Sergeant Bailey Stevenson and Captain David Wellmine keep dancing around their attraction to each other. Bailey is more than willing to take their friendship in a more intimate direction, but David can’t climb out from under his father’s thumb long enough to take the next step.
On St. Patrick’s Day, when Irish magic is strongest, a meddling elf gives Bailey and David a chance to step beyond their doubts and fears to embrace the love simmering below the surface between them.
But when the spell is over, will David break the chains of his father’s plans for him and give Bailey his heart, or will he break Bailey’s?
This is the third book in T.A. Chase’s wonderful paranormal series about dragons and I will review them in reverse order. 🙂 In Fighting Dragons there are no dragons except for one sighting that was reported, but the characters from the previous books in this series were very much present even though this is Bailey’s and David’s story. If you have read the books you know the characters, but for those of you who haven’t, here’s a brief recap because the series has not been reviewed on this site.
In book 1 Here Be Dragons, Kael Hammerson, a Herpetologist, is working in Ireland at a research lab, hiding from his abusive ex. His boss, Hugh Price, is very interested in Kael, but is afraid to put the moves on him because of their business relationship. When dragons return to earth and cause havoc, Hugh and Kael have to fight for their lives, and the fate of all mankind rests on their shoulders. Added to this real threat is the stress of their burgeoning personal relationship which may not survive because they have to contend with the interference of the goddess Gaia.
In book 2 Dreaming of Dragons, which takes place 6 months later, Hugh and Kael are still battling the dragons and other mythical creatures who are threatening to take over the world. Dreaming is the love story of George St. Albans, and Mordred a beautiful elf who had lived in the Realm of Dreams before the barrier between Earth and the rest of the world had been compromised. When George returned to Earth to stay Mordred gave up his immortality to be with his lover. In Dreaming of Dragons readers get an opportunity to visit the Realm of Dreams and experience through flashbacks how the characters first met hundreds of years ago, their personal conflicts, and all of the intrigue that surrounds the goddess Gaia’s Royal Court. George’s and Mordred’s personal battles are intermingled with the physical one with the dragons and the machinations of Gaia.
In Fighting Dragons Sergeant Bailey Stevenson is at his wits end trying to figure out how to get Captain David Wellmine to decide whether they could have a personal relationship. Bailey had been in love with David for some time and it seemed that David returned his feelings, but he blew hot and cold and Bailey wasn’t sure if his disability was the stumbling block. Bailey had been injured by a bomb in Iraq and he was permanently disabled, suffering from nerve and muscle damage, unable to maintain his balance most of the time and in constant pain. He was also facing the fact that he would have to retire from the army and would probably not see David any more on a regular basis because with the barrier repaired, dragons were no longer showing up and although there were a few sightings, Bailey’s unit, the Dragon Slayers, would run out of work and most probably would be closed. David wanted Bailey but he was conflicted because his father had ambitions for him to return to England and become a Member of the House of Commons and marry a suitable woman. He was so used to seeking his father’s approval he had a difficult time breaking away to live his own life.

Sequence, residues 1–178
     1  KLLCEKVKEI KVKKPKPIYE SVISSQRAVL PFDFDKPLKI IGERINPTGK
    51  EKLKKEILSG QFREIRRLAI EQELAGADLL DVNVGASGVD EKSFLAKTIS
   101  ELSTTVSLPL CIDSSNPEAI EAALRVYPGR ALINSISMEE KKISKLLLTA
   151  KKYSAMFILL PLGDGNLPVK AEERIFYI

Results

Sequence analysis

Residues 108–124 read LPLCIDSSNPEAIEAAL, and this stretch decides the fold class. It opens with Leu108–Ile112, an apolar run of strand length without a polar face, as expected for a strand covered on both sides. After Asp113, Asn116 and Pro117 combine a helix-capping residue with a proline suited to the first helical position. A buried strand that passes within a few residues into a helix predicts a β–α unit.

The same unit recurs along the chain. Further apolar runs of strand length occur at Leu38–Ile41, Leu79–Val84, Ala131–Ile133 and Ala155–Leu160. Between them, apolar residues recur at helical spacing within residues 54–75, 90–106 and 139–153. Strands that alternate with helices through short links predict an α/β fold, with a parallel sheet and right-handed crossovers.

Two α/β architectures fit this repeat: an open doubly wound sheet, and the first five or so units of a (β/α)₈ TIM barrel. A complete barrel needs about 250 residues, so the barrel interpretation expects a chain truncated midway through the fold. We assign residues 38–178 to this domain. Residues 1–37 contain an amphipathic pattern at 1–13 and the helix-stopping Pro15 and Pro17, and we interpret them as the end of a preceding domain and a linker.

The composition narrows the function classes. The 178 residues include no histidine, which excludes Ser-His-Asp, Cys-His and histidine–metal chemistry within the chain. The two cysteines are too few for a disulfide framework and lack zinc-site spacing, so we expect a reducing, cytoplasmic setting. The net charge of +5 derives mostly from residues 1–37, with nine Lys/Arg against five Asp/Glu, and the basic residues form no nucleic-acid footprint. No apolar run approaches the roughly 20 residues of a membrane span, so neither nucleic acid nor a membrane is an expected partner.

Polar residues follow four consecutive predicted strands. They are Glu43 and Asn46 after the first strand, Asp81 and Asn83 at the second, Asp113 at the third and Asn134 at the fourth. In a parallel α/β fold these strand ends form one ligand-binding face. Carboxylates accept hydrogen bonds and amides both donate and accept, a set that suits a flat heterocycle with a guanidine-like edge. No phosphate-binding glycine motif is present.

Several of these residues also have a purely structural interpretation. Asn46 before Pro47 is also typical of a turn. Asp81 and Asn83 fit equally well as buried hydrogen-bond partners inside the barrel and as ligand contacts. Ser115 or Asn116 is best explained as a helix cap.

In the meantime Mordred, who had given up his immortality for George and was now living on earth, was homesick, and George decided to throw a party for him on St. Patrick’s Day because he understood that going from an immortal elf to a mortal with no magic was a difficult transition. Mordred was aware of Bailey’s and David’s feelings for each other and wanted to do something for them so he asked Seamus, an Unseelie elf, to develop a spell which would be cast on St. Patrick’s day when Irish magic is the strongest.
Everything proceeded according to plan and David and Bailey went at each other like bunnies. The sex was off the scale, but were their feelings the real deal and could there be a chance for a relationship to develop? Could David get out from under his father’s thumb and stand up and be a man?
This wonderful follow up to the other books in the series brings back familiar faces and Hugh, Kael, and the other characters from books 1 and 2 as well as some new characters all get in on the action to help Bailey’s and David’s romance along. The characterizations are of course just as three dimensional as the other stories, and although the tension and violence of the other books is missing and there are no dragons in Fighting Dragons, the protagonists have their own personal dragons to slay. David had to figure out who was more important – his father and his ambitions or Bailey. He also had to convince Bailey that he really loved him and that his disability didn’t matter. Bailey, on the other hand, had to trust that David’s feelings were not directly related to the magic spell and that they were the real deal.
This book can be read as a standalone because the author has included enough background from the previous two stories, but it would be best enjoyed as part of the series. Here Be Dragons was and is my favourite book but Fighting Dragons is a wonderful sequel. Definitely recommended.